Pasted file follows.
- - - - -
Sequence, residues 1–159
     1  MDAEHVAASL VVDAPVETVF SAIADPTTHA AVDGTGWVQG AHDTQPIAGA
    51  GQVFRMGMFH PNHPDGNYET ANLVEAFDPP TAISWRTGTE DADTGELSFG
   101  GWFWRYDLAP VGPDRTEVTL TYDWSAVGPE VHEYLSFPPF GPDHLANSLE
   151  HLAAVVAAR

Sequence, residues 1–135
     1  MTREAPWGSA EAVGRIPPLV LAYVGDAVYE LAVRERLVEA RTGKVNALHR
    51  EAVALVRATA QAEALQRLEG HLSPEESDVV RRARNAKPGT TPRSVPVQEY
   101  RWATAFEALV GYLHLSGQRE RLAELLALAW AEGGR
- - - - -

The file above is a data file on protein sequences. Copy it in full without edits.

Sequence, residues 1–159
     1  MDAEHVAASL VVDAPVETVF SAIADPTTHA AVDGTGWVQG AHDTQPIAGA
    51  GQVFRMGMFH PNHPDGNYET ANLVEAFDPP TAISWRTGTE DADTGELSFG
   101  GWFWRYDLAP VGPDRTEVTL TYDWSAVGPE VHEYLSFPPF GPDHLANSLE
   151  HLAAVVAAR

Sequence, residues 1–135
     1  MTREAPWGSA EAVGRIPPLV LAYVGDAVYE LAVRERLVEA RTGKVNALHR
    51  EAVALVRATA QAEALQRLEG HLSPEESDVV RRARNAKPGT TPRSVPVQEY
   101  RWATAFEALV GYLHLSGQRE RLAELLALAW AEGGR